What was also unique with your two lead guys, as a writer, you have them speak to each other and saying things like, ‘I love you.’. That almost never happens in a guy-guy relationship that is not BROKEBACK MOUNTAIN.

Yeah, yeah, yeah… Well, I had a really close knit group of friends in college and that kind of bromance of being a young man trying to go out and find girls and rule the world. It was really important to me and really important to a lot of people and its just a matter of, you know, just say it.

Now its been quite awhile since you directed a film. What could bring you back?

To directing movies?


Well, one thing would bring me back… a job offer.

See, that amazes me that these great directors, you, Carpenter, Hooper, so many of these guys that made horror great don’t get the offers.

I can’t get arrested. And it wasn’t that I haven’t wanted to make films. It’s just the simple financial element of, you know, the pictures I made at the time they were released, did not do well. I probably, ironically, the most loathed film of mine, ROBOCOP 3, probably made the most money of all of them. It probably made its money back. But the truth of the matter is, you’re only as good as how much money your movie makes. And if this movie was really terrible and makes three-hundred million dollars, then you’re Michael Bay. I just haven’t had that luck and I haven’t had the kind of benefactors that I had early in my career who were willing to back my play. So I’ve been developing a lot of things.

Well how would you feel if someone came to you and said, well I want to do Night of the Creeps 2 or I want to remake The Monster Squad?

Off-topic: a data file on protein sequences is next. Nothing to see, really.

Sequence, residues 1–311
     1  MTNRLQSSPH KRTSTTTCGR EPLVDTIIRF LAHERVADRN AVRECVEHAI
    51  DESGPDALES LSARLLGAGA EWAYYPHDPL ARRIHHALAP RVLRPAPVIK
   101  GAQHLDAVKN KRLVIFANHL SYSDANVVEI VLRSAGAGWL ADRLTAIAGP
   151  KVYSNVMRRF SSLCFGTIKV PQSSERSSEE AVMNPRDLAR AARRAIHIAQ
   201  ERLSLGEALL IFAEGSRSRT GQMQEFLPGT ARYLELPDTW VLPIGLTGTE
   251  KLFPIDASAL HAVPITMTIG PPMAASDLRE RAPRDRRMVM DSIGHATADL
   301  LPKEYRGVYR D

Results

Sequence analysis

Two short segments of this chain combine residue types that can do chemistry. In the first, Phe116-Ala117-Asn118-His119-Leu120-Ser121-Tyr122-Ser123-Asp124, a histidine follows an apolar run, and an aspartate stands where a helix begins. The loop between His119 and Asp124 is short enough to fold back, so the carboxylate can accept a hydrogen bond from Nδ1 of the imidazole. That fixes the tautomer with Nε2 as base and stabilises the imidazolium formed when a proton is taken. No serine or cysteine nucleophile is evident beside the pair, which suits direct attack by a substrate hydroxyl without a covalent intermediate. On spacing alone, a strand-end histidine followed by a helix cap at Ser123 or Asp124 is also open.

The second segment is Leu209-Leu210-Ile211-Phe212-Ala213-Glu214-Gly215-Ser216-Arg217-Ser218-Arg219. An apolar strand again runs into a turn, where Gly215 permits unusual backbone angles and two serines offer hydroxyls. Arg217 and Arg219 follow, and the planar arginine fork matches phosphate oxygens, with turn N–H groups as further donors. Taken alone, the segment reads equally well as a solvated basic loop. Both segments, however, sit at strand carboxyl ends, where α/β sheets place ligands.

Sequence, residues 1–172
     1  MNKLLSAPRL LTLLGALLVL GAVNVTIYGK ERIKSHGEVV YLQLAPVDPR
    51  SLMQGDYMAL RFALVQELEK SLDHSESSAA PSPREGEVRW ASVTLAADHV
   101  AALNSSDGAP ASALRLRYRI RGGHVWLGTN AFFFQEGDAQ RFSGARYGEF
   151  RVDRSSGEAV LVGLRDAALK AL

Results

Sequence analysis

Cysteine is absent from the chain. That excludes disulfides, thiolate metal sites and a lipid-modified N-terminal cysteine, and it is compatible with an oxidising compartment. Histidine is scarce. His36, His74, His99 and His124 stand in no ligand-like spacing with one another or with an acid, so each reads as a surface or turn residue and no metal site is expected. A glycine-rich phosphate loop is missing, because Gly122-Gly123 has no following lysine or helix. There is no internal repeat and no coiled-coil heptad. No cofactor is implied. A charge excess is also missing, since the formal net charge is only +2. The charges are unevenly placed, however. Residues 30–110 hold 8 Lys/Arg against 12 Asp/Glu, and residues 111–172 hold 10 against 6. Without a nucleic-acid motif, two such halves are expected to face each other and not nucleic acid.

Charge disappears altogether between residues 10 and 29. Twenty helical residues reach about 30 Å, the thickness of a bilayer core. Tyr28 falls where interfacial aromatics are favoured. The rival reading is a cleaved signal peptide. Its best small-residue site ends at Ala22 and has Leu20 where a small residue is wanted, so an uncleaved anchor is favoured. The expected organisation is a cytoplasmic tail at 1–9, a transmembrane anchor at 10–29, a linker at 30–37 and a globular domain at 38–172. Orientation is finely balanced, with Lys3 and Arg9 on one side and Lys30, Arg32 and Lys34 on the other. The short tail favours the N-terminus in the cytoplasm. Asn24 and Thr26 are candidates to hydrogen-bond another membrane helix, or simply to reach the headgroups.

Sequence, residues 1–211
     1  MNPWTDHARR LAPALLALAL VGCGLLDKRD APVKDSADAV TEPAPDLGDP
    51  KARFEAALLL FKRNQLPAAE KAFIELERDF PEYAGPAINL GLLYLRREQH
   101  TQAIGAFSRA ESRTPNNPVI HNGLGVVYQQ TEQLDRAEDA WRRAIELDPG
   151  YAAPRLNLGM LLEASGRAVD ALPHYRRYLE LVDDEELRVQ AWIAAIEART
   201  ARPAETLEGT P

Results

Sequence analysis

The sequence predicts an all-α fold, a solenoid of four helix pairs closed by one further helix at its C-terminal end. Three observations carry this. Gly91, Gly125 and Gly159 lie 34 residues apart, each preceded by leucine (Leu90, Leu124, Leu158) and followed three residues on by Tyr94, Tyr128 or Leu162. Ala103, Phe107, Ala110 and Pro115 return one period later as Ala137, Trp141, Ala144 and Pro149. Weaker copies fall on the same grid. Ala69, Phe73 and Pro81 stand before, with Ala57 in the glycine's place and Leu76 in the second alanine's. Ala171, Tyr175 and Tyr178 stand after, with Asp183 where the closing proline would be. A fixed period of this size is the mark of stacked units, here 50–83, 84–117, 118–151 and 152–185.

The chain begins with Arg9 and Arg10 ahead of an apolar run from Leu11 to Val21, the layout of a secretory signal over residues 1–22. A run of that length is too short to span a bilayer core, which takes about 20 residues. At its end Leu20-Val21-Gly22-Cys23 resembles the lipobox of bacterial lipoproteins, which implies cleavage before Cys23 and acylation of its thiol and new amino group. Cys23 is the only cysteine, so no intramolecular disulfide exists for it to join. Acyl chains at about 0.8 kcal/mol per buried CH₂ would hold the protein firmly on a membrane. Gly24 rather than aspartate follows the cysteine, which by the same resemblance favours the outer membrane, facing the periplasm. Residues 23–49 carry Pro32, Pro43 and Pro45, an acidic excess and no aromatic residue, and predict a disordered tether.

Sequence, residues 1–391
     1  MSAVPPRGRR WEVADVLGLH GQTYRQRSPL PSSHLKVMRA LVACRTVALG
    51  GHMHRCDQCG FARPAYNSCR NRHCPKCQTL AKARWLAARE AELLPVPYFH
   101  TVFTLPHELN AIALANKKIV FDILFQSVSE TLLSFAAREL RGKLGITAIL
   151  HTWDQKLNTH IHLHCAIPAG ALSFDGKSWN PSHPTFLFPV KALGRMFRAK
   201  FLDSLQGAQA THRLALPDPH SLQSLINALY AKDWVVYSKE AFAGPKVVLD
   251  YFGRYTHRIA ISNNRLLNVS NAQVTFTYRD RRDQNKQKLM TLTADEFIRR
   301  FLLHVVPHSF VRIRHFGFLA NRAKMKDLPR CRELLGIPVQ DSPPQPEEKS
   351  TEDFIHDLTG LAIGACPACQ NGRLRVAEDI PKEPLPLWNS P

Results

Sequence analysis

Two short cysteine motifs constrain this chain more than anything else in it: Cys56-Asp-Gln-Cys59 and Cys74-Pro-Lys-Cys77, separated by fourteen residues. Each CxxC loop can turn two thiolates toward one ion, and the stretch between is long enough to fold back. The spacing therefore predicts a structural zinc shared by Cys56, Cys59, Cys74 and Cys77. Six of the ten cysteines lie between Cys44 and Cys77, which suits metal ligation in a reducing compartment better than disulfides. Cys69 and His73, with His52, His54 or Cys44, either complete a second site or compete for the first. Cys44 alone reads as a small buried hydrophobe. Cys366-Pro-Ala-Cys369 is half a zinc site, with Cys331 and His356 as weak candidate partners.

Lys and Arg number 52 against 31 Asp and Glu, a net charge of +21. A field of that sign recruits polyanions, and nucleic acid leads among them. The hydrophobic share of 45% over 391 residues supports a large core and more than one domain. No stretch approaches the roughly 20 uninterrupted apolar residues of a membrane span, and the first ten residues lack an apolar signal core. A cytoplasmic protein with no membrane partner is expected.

Well Rob Cohen has actually talked about a Monster Squad remake, which I think is a terrible, terrible idea. Mostly because that particular arena has been so overdone by other people that it seems completely unfresh. I mean, there is a show on Nickelodeon called “The Troop” which is a flat out rip-off. There’s “Buffy the Vampire Slayer” there’s elements of Harry Potter, and all that stuff that we did is already being done by a lot of people, so to me it is completely unfresh.

With Creeps, I’m actually hoping, because I want so desperately to work with Tom Atkins and Jill [Whitlow] and Jason [Lively], and particularly Steve Marshall because he is really, really good and he hasn’t had his day in court. Because I would love to work with those guys so much, because there is so much fan affection for this movie, I actually have been talking with Chuck Gordon, if we can sell enough DVD’s, go in to Sony and say we want to do the sequel ourselves. I think a remake of this movie would just be catastrophic.

Let me know what you think. Send questions and/or comments to [email protected]




Source: AITH